On the surface, morning DJs appear to have one of the easiest jobs around. Aside from arising long before dawn, they just work four to five hours and are done for the rest of the day. Right? Wrong!
I talked to three morning DJs recently and discovered that they all probably work more than 40 hours a week, and some DJs feel they can almost never set their jobs aside because they are so around-the-clock consuming.
For example, Jimmy Chunga of the KENZ ("The End," FM-107.5) morning show is up at 4 a.m. each day and on the air from 5:30-10 a.m. With meetings after his air shift, advance planning for future shows and production work, he usually doesn't go home until 1:30-2 p.m.
That alone equates to a typical eight-hour workday, but there's more. Some days he doesn't get away until as late as 5 p.m., creating almost a 12-hour day, and then there are all the remote broadcasts and appearances — especially on nights and weekends — that Chunga and his on-air partner, Mister West, do.
"You have to sleep in shifts," Chunga said. "What kind of dad would I be if I went to bed at 7 p.m.?"
Mister West said that he easily puts in more than 40 hours a week, and that schedule includes at least one remote or public appearance a week, which takes about three hours. He said he also spends about one hour a day on his computer at home planning the next day's show.
"Our days are never the same twice," Mister West said.
Tommy and Joe Johnson, of the "Johnson and Johnson" morning show on KUBL (FM-93.3), also put in long hours. Joe rises at 2:30 a.m. each weekday, while Tommy's up at 3:15 a.m. Both arrive in the studio around 4 a.m. for their 5:50-10 a.m. on-air stint. They are at the radio station until about 1 p.m.
They say that means going to bed while it's still light this time of year, and not having much of a night life.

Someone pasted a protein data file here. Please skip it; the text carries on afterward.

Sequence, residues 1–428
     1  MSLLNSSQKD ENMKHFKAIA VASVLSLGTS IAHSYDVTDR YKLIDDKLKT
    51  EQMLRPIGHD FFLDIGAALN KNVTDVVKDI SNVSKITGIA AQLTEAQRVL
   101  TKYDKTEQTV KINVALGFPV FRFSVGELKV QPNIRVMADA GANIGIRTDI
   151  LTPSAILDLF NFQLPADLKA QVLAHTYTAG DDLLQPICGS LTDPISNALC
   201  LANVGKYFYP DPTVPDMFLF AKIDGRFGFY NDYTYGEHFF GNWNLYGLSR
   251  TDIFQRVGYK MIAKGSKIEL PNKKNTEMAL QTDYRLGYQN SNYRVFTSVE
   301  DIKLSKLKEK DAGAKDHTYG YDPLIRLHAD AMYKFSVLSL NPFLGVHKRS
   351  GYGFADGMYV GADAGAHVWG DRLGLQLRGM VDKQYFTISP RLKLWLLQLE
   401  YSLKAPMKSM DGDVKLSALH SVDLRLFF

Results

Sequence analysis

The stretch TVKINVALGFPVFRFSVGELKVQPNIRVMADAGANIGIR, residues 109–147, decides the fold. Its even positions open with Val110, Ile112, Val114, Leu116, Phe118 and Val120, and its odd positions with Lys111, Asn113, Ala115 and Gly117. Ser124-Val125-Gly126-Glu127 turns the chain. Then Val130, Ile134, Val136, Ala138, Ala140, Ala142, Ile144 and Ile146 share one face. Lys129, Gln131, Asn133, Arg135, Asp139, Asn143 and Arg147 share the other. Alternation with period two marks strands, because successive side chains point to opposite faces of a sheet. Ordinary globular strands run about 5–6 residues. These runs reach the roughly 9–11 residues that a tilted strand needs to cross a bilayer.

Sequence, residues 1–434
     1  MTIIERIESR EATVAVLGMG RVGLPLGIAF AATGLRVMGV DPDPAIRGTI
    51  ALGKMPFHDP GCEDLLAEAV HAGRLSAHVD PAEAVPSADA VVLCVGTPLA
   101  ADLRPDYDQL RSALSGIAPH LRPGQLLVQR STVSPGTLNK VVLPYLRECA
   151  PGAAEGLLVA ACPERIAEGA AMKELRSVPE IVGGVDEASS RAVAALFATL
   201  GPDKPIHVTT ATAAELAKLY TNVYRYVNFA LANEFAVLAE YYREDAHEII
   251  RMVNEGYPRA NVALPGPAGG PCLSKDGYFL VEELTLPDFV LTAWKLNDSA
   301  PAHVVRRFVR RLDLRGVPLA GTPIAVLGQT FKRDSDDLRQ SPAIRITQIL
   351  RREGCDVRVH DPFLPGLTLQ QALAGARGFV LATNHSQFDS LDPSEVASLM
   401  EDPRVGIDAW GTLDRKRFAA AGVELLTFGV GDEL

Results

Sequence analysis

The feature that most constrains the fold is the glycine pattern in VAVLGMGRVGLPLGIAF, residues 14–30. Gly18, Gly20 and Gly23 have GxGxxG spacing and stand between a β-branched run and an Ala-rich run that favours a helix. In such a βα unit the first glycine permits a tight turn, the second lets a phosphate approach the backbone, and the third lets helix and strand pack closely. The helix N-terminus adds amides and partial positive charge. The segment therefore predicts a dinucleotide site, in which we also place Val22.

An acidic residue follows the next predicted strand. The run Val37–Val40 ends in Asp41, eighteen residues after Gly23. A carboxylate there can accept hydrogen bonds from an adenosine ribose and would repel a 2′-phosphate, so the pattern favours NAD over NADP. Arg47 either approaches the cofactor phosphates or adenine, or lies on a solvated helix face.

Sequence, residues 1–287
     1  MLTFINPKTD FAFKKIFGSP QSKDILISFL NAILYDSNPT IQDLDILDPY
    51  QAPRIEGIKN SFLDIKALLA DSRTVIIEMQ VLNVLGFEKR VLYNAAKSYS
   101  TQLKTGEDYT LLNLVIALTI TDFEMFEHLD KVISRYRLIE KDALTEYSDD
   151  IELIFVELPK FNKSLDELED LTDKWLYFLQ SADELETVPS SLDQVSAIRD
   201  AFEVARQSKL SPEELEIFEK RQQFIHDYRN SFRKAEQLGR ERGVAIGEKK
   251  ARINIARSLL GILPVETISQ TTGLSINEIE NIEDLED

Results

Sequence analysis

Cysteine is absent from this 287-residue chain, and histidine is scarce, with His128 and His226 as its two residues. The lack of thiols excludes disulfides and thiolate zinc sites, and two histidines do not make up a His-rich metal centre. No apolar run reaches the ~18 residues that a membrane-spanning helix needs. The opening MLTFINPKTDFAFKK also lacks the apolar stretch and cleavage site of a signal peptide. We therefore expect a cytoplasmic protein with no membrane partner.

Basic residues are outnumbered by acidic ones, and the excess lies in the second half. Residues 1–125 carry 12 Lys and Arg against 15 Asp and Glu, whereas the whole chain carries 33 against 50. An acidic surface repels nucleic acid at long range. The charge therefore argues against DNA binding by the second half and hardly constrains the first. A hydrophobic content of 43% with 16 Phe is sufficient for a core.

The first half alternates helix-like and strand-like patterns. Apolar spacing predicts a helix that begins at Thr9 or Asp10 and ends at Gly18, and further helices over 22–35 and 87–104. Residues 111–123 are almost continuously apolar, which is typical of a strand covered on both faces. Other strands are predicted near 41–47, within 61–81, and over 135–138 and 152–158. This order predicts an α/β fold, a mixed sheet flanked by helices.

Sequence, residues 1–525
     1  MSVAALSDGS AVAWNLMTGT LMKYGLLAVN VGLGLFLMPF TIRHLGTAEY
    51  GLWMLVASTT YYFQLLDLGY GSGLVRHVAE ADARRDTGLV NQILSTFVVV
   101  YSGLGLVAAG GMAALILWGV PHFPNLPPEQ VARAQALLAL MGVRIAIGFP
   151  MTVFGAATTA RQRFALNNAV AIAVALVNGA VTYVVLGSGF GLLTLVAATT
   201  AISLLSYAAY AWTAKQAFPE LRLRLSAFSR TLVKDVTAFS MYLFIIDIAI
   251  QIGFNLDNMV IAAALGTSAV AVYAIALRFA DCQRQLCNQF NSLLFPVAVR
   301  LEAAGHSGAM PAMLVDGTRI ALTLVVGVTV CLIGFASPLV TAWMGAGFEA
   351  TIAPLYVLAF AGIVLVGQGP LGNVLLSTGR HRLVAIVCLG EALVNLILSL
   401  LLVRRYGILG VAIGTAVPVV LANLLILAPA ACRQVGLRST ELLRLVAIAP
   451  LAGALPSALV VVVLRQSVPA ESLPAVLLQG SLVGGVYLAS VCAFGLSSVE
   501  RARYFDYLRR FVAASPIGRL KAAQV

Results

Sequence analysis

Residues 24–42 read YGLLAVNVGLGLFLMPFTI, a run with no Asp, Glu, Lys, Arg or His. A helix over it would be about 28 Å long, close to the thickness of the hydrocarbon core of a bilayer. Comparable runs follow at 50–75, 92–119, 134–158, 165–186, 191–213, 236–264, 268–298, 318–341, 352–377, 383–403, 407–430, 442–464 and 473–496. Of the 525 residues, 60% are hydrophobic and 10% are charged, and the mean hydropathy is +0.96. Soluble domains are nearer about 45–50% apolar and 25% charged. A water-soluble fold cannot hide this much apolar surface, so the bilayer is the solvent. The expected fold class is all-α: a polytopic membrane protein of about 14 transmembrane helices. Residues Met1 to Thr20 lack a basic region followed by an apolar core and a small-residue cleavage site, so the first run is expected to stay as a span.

"Simon and Brady" on the KBEE (FM-98.7) morning show also have long work weeks. Simon's up by 4 a.m., while Brady rises at 3:30 a.m. (or at least that's when her first alarm goes off, she said).
These DJs have one of the earliest Wasatch Front morning radio shows; it begins at 5 a.m. and goes until 9 a.m.
"It's different each day," Brady said, but, on average, they are at the radio station until 1 p.m. each day — making for an eight-hour day. Add to that weekend or evening promotions and appearances.
Because KBEE plays long blocks of music from 9-10 a.m., they can sit in the studio and plan their upcoming shows before moving to another room.
As a journalist, I have to work every third or fourth Saturday, but I get the previous Monday as a day off. Not so with DJs. During any given year, I run into dozens of radio hosts making Saturday morning appearances at R.C. Willey or Granite furniture stores. They spend half their Saturday at such events and don't have that extra Monday off.
Radio jobs may look glamorous, but like any job, there are downsides.
PATRIOTIC RADIO — Every weekday at 6:45 a.m., Mark Van Wagoner of KKDS (AM-1060) does a "Raise the Flag" segment. He's been doing this since 1993, and he was recently honored by the VFW for putting so much emphasis on patriotism and raising the flag.
Various consultants at Van Wagoner's previous radio stations advised him that to have such a program is a bad decision, that it could offend listeners. But Van Wagoner has stood by it.
"It's fun. It's given a real close listener relationship," Van Wagoner said. "Veterans should never be forgotten."
Tommy and Joe Johnson of "Johnson and Johnson" on KUBL(alias "K-Bull," FM-93.3) also have a patriotic segment. They do the Pledge of Allegiance each weekday at 7 a.m. They've been doing this for three years now. And they say it makes some listeners — especially veterans — cry.
MARK EATON RADIOTHON — Last month, this former Utah Jazz player was on the air at KFNZ (alias "K-Fan," AM-1320) for 24 hours straight to raise money and awareness for his Standing Tall for Youth Foundation. Eaton raised $40,000 for programs for underprivileged youths.